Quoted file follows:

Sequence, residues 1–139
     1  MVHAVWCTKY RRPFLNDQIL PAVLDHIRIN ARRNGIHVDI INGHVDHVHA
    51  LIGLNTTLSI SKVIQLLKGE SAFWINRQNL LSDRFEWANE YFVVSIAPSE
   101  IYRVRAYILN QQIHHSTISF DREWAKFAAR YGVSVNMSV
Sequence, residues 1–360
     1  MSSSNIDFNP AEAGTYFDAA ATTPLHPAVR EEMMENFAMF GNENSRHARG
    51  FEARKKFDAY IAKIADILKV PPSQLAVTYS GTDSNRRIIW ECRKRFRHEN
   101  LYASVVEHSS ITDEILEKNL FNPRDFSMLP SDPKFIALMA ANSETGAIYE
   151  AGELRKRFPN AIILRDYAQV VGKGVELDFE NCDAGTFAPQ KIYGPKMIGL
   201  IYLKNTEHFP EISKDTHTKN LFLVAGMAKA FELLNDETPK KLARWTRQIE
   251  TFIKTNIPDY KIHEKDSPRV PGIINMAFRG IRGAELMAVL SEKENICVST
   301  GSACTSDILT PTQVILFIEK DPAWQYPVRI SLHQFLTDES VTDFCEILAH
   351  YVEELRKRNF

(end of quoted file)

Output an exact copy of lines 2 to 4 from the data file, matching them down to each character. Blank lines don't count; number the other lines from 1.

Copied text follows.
     1  MVHAVWCTKY RRPFLNDQIL PAVLDHIRIN ARRNGIHVDI INGHVDHVHA
    51  LIGLNTTLSI SKVIQLLKGE SAFWINRQNL LSDRFEWANE YFVVSIAPSE
   101  IYRVRAYILN QQIHHSTISF DREWAKFAAR YGVSVNMSV